Admission requirements & Registration
This course is mandatory for and restricted to students who do the Minor ‘Computational approach to Disease Signaling and Drug Targets’ (CADSDT; the entire Minor or only Part 2) or the ‘Elective Module DSDT’. The same admission criteria apply to this course as for the respective afore mentioned programs. Registration for the lectures and exam in uSis is mandatory.
With the emergence of high throughput DNA sequencing technologies, the complete genome sequences of many organisms are deciphered and are being analyzed. Despite the progress, understanding the cellular functions of most of identified genes remains a challenge. The emerging field of “Functional Genomics” aims at providing comprehensive approaches to understand the genome functions, to develop and promote high throughput and large scale approaches to investigate the function of the genomes, their products and the interactions between the two.
Indeed, high-throughput techniques such as high-throughput genome-scale DNA, RNA sequencing or protein analysis by mass spectrometry, are successfully applied to diverse biological questions with the goal of reaching a comprehensive description of their molecular regulation. Yet, they cannot provide temporal or spatial resolution nor directly show that the identified molecules have a function in the dynamic cellular process investigated. Quantitative fluorescence-microscopy in living cells overcomes these limitations because it can probe the function of macromolecules in living cells with ever increasing spatial and temporal resolution.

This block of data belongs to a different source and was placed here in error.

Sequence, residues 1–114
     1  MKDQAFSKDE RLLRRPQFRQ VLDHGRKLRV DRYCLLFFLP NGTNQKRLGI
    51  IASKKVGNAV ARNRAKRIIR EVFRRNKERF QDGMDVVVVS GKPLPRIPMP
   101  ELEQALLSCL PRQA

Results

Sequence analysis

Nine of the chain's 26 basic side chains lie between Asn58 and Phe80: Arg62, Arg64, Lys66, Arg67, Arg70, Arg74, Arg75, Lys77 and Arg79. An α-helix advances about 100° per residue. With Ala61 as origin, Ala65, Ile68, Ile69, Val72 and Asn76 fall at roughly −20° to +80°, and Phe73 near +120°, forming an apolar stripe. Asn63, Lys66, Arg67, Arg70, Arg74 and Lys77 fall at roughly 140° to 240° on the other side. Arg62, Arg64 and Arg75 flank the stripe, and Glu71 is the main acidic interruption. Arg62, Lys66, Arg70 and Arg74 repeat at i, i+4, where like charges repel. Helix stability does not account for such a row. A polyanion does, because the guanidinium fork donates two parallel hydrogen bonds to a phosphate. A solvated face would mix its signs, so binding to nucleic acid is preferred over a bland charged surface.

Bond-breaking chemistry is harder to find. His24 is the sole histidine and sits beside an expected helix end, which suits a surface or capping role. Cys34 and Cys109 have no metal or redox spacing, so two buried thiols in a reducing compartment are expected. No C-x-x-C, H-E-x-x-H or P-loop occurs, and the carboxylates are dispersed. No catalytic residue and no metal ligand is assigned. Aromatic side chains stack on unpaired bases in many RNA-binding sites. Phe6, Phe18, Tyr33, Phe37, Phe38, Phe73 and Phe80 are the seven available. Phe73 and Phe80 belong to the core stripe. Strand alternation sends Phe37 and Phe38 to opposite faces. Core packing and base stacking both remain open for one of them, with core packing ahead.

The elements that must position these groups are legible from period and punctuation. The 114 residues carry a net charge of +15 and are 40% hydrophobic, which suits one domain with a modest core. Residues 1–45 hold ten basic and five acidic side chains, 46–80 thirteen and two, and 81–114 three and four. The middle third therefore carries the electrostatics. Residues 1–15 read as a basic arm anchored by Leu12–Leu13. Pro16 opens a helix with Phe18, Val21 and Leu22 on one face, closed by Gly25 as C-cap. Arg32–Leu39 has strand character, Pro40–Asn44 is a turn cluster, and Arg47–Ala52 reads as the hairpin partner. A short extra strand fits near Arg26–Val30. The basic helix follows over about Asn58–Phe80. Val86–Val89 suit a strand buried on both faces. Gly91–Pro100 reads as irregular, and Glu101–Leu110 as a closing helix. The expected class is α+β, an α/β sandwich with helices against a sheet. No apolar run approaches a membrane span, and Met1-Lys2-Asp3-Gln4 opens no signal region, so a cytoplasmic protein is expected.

Imaging-based assays enable genome-wide functional analyses by high-throughput microscopy if combined with standardized reagents that systematically interfere with gene expression or protein activity (e.g. siRNAs, sgRNAs in conjunction with CRISPR/Cas9, chemical inhibitor libraries). In addition, new GFP-tagging genome-editing-based approaches now also allow systematic direct characterization of the abundance, localization, dynamics and interaction of proteins in intact cells, and therefore hold the promise of imaging-based proteomics in single living cells.
This course will provide an overview of the concept of Functional Genomics, how to link a genotype to a phenotype. Contemporary approaches used to understand the genome function will be described and exemplified in this course.
After completing the course, the student will be able to:
describe what is meant by functional genomics and how this area of research contributes both to new basic biomedical knowledge and to new developments in biomedicine and biotechnology, including improved diagnostics and treatment of disease
describe and discuss how functional genomics contributes to systems biology and systems medicine
explain the different state-of-the-art “omics” technologies that are currently applied to perform global analyses at a system level (high throughput transcriptomic and genomic analysis RNA-seq, proteomics and metabolomics)
explain main principles of bioinformatic tools used for data analysis, biological background knowledge management and modeling
explain how the researcher can apply high-content screening for functional genomics (RNAi high-throughput screening, high-throughput live cell imaging, high-content imaging systems and tools, high-content image analysis)
Mode of instruction
The course will use a combination of lectures, discussions of assigned literature and computer-based exercises (workshops). Most of the course will be offered in the morning and will focus on Functional Genomics approaches and their application in (pre-)clinical studies. Students will be expected to critically read assigned papers beforehand. There will also be hands-on experience how bioinformatics tools can be applied to analyze omics and screening data output.
The course will be concluded by a written exam. Students will be graded for their work in groups (30%) and for the individual written exam (70%).
Literature will be provided during the course.
Mw. Dr. S. Le Dévédec